I was also struck by the fact that data collection that informs the work of RaiseDC comes from “government agencies and national data sources,” and does not include information from community-based nonprofits who are working to address these cradle to career issues. RaiseDC is totally open about this, and eager to learn “how many out-of-school youth are served by community-based education and employment training programs,” and which ones are the most effective. But that is why Catalogue nonprofits should join the appropriate Change Network and make their voices heard. Perhaps there will emerge a method of collecting information and best practices that might inform the work of this initiative.

Even more, an excellent outcome would be a clear idea of how organizations, including community-based nonprofits like those in the Catalogue, might work more effectively together — sharing information about what works, collaborating across disciplines, partnering with each other to add value to the work they already do.

It is a daunting task, indeed. But there is a lot at stake — and we can’t afford not to take up the challenge. Let’s keep our eye on the work that RaiseDC is poised to do and let’s think together about how we can help make it happen. What’s the alternative?

Catalogue nonprofits currently participating in RaiseDC Change Networks: AppleTree Institute, DC Appleseed, Capital Partners for Education, College and Career Connections, College Bound, For Love of Children, Higher Achievement, Hope and a Home, Mentors Inc, New Community for Children, New Futures, The Next Step Public Charter School, Posse Foundation, Reach for College!, Urban Alliance, Youth Build Public Charter School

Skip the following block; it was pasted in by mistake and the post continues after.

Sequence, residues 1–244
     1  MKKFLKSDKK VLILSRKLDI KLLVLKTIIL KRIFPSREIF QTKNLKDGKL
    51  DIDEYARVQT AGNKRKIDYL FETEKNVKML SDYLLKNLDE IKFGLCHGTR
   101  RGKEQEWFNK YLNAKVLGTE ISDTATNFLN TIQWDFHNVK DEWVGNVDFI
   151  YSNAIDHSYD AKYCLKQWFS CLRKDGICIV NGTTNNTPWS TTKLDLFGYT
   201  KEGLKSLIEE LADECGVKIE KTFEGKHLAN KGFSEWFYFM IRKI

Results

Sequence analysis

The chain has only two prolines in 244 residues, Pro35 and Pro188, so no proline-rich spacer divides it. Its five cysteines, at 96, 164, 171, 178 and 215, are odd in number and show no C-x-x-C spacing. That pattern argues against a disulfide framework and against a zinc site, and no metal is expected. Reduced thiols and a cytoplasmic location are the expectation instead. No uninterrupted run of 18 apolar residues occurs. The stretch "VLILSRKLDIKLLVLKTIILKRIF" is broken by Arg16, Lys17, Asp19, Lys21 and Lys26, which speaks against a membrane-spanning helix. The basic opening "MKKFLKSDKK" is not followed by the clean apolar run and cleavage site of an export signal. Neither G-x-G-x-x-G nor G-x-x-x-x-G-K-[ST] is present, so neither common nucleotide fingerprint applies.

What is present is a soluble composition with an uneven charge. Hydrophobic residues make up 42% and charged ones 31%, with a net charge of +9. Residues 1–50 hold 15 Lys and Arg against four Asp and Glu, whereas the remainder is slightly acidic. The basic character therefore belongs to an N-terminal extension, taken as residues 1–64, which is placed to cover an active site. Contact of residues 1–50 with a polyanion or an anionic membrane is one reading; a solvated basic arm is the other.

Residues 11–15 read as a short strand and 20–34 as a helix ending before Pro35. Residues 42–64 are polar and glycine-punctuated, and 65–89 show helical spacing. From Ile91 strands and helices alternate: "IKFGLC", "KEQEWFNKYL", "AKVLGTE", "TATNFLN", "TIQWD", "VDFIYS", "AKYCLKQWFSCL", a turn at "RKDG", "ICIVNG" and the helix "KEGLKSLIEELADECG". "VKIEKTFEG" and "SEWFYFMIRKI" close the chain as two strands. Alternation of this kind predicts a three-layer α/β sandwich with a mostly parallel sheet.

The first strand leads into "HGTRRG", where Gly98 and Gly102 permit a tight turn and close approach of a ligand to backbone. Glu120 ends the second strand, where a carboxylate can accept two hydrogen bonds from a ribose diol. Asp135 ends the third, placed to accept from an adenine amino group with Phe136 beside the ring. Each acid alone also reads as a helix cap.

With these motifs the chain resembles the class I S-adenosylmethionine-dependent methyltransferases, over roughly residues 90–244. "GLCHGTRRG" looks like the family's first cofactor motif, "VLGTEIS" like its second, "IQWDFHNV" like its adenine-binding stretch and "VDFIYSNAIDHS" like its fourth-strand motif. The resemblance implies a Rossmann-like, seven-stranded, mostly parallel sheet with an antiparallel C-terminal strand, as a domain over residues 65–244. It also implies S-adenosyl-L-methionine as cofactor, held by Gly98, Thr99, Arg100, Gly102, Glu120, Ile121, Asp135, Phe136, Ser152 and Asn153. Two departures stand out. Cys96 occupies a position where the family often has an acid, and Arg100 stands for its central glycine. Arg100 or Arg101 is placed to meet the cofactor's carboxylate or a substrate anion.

Raise DC

From “In first annual report, Raise DC offers snapshot of DC youth” (Washington Post – Feb. 3):

Only four in 10 third-graders in the District can read proficiently, and only about four out of 10 young adults in the city have a full-time job.

Those sobering statistics are part of a snapshot of DC youths to be released Monday by Raise DC, a coalition of public, private and nonprofit groups Mayor Vincent C. Gray (D) convened last year with the aim of improving the lives of the District?s neediest residents from birth through age 24.

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Collegiate Directions in the Washington Post

President Nina Marks calls for a “common financial aid offer” form, similar to the “common app” that now simplifies the application process for high school seniors. The idea is to simplify the bewilderingly complex business of interpreting financial aid offers from colleges and universities — especially for families whose children are “first in their generation” to go to college. Read Nina’s excellent op-ed here.